Seven years after his kidnapping in Syria, Fr. Paolo Dall’Oglio was remembered in Rome Wednesday for his love of the Syrian people and his dedication to peace and justice.
Dall’Oglio was abducted from the city of Raqqa by Islamic State militants in July 2013. The Italian Jesuit priest had served in Syria for more than 30 years at the time of his kidnapping. It is unknown if he is still alive. There were unconfirmed reports of his execution in 2013.
“My appeal is to not forget Syria,” Dall’Oglio’s older sister told journalists at a press conference in Rome July 29.
“Paolo was kidnapped because he had heard that his mission was to be alongside the Syrian people,” Immacolata Dall’Oglio said.
The Syrian Civil War, which began in March 2011, has killed an estimated 380,000 people, and created more than 7.6 million internally displaced people and more than five million refugees.
“To remember Paolo today is to remember his Syrian people,” Fr. Camillo Ripamonti, president of the Italian center of the Jesuit Refugee Service, underlined.
Dall’Oglio had a “bond” with the Syrian people, a people who, after nine years of war, are still “waiting for justice and peace,” Ripamonti said.
In the 1980s, Dall’Oglio restored the ruins of the 6th-century Syriac Monastery of St. Moses the Abyssinian. In the early 1990s he established an interfaith monastic community dedicated to Muslim-Christian dialogue.
In 2012, the Syrian government expelled him for his criticisms of President Bashar al-Assad and his government. Dall’Oglio initially ignored the expulsion order, but then left Syria at the request of his bishop.
Dall’Oglio returned to a rebel-controlled territory in eastern Syria in late July 2013 in an attempt to negotiate peace between Kurdish and Islamist groups. He was abducted on July 29, 2013.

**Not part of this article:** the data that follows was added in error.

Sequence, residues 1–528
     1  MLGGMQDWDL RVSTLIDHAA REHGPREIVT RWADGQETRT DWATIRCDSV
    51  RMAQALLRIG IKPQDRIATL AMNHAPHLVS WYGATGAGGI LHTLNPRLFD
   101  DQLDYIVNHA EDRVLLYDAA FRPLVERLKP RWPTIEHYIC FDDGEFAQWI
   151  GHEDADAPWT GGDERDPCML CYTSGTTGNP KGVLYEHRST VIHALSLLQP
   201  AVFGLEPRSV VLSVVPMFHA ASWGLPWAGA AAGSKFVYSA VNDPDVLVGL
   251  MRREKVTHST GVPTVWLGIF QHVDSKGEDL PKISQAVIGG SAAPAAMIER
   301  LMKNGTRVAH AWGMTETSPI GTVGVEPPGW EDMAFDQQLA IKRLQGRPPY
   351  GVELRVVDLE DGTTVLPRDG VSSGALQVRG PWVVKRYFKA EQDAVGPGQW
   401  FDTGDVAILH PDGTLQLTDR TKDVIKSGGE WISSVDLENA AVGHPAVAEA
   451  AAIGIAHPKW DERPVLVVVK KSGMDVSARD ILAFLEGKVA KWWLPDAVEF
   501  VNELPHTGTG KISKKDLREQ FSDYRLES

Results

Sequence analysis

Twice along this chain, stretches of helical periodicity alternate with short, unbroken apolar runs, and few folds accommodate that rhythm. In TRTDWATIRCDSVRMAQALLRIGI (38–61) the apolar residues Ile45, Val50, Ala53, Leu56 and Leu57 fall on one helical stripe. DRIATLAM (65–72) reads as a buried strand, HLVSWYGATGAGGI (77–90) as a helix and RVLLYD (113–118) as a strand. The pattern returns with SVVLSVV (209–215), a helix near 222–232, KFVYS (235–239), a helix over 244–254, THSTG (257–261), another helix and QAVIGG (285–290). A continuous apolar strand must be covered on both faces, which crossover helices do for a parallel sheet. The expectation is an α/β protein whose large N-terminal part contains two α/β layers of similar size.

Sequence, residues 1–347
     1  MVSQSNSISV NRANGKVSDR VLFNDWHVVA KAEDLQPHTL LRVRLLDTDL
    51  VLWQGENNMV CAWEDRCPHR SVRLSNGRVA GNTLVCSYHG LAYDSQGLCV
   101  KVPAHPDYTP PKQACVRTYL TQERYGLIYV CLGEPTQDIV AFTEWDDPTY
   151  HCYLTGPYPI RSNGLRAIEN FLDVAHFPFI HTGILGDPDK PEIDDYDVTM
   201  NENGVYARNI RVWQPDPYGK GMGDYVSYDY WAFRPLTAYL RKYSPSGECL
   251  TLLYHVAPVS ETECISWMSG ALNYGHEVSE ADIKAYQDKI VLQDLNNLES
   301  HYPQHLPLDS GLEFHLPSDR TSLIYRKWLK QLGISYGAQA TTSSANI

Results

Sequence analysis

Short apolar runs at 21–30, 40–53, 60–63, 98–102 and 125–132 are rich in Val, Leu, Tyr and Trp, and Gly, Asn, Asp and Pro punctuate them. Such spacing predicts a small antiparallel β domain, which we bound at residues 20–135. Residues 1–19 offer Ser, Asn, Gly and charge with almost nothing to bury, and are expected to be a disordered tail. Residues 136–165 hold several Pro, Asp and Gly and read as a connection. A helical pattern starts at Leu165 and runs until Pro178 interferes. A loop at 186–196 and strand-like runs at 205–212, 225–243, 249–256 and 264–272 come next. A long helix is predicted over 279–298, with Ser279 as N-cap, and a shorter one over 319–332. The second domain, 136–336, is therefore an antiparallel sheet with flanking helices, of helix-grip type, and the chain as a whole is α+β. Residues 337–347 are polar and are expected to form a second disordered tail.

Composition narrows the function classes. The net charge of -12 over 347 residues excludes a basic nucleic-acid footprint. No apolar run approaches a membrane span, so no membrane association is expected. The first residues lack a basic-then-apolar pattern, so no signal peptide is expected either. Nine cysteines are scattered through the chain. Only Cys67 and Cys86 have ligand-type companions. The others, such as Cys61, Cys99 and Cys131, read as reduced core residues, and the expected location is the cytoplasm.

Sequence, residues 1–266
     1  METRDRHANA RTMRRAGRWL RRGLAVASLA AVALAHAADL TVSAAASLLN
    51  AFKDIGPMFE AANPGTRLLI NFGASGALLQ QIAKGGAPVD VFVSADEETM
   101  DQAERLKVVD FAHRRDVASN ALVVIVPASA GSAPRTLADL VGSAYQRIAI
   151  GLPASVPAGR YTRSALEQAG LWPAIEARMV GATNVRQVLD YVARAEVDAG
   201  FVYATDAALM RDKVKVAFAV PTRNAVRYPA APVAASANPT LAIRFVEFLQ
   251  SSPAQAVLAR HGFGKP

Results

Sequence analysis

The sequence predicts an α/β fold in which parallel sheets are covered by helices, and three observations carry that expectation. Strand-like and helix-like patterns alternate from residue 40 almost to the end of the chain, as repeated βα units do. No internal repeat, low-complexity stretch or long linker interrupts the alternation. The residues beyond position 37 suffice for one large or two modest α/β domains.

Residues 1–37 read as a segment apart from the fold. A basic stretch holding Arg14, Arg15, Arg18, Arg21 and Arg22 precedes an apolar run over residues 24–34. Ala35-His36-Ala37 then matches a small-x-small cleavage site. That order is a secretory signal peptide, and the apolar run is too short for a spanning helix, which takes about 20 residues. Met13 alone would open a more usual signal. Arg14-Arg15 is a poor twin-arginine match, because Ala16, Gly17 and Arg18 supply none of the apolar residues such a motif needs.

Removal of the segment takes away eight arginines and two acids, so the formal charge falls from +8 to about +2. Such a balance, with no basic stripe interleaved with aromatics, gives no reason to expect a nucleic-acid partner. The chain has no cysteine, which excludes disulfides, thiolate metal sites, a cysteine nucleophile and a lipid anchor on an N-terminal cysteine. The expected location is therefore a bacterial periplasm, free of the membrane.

Fr. Federico Lombardi, SJ, president of the Vatican’s Ratzinger Foundation, said Dall’Oglio’s commitment to the people of Syria was the same commitment of men and women religious who have been martyred. He added that it continues to inspire many people, “especially Muslims, with whom he has been able to teach us to dialogue and be in solidarity for the search for justice and peace.”
“His memory is alive, it is a presence which inspires, to deep ideas and thoughts, to courage and commitment…”
Dall’Oglio would regularly contribute articles to the Italian magazine Popoli. He also wrote and collaborated on several books.
Paolo Ruffini, head of Vatican communications, called Dall’Oglio “a great communicator, a great journalist.”
“Thanks to Fr. Paolo for the witness he continues to give us,” he said.
In January 2019, Pope Francis met with the family of the kidnapped Jesuit priest at his Vatican residence, the Casa Santa Marta. The private visit included Dall’Oglio’s mother, four sisters, and a brother.